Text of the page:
Dayton Mayor Nan Whaley highlighted collaboration and city improvements in a farewell address Friday, as she prepares to end her eight years as mayor and further ramp up her run for governor.

“It’s been quite the eight years, and I’m so incredibly proud of what we have accomplished for Dayton,” Whaley said, speaking at the downtown Dayton Metro Library branch. “You probably noticed that elected officials say ‘we’ a lot, because this really is a team effort.”

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In her time in the mayor’s office, the city of 140,000 went through an opioid crisis, a mass shooting, hate group rally, devastating tornado, and the ongoing COVID-19 pandemic.

Whaley highlighted policy successes, including expanded access to high quality preschool, supporting manufacturing, and championing the revival of the Dayton Arcade.

Chris Kershner, CEO of the Dayton Area Chamber of Commerce, said Whaley was good at working with diverse constituencies.

“She was masterful at bringing people together from both sides of the aisle, from different viewpoints and coming up with compromise,” Kershner said.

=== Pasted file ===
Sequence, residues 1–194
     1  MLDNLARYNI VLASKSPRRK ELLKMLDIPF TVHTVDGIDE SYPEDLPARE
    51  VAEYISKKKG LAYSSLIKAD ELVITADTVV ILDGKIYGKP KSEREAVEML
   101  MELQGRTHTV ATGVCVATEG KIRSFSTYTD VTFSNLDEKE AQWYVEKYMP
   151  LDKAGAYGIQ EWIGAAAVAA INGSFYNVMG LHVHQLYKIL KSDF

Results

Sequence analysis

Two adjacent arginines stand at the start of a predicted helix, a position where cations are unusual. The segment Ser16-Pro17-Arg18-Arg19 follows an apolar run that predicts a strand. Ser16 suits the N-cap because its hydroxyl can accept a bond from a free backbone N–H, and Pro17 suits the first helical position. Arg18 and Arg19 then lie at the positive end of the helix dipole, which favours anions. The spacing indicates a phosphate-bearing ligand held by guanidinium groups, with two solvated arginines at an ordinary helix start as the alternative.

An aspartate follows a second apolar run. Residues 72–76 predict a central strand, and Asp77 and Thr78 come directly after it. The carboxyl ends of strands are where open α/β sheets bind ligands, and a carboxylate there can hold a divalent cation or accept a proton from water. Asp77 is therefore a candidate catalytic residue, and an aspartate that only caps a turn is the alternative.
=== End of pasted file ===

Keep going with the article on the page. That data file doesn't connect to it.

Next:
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That will be important if Whaley is to reach her next goal — winning first a Democratic primary, then the general election for governor. When she announced her run in April, she vowed tough action to fix political corruption in Columbus and create better wages and jobs for working Ohioans.

Whaley, whose mayoral term ends in early January, said Dayton and its people have taught her how to be a tough and gritty leader who gets results.

After the August 2019 mass shooting, where a shooter killed nine people in the Oregon District, Whaley recalled standing in front of the crowd that had gathered in mourning on Fifth Street that night.

“I looked at all the faces in the crowd from the stage, and what I saw made me stronger. In your faces I saw terrible sorrow, but I also saw incredible resolve,” Whaley said.

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Media workers gathered around the entrance to Ned Peppers in the Oregon District for a press conference with Dayton Mayor Nan Whaley, where she gave updates about the mass shooting that took place Aug. 4, 2019. Nine people were killed and an additional 17 were injured before shooter Connor Betts was killed by police. GREENLEES / STAFF

Credit: Ty Greenlees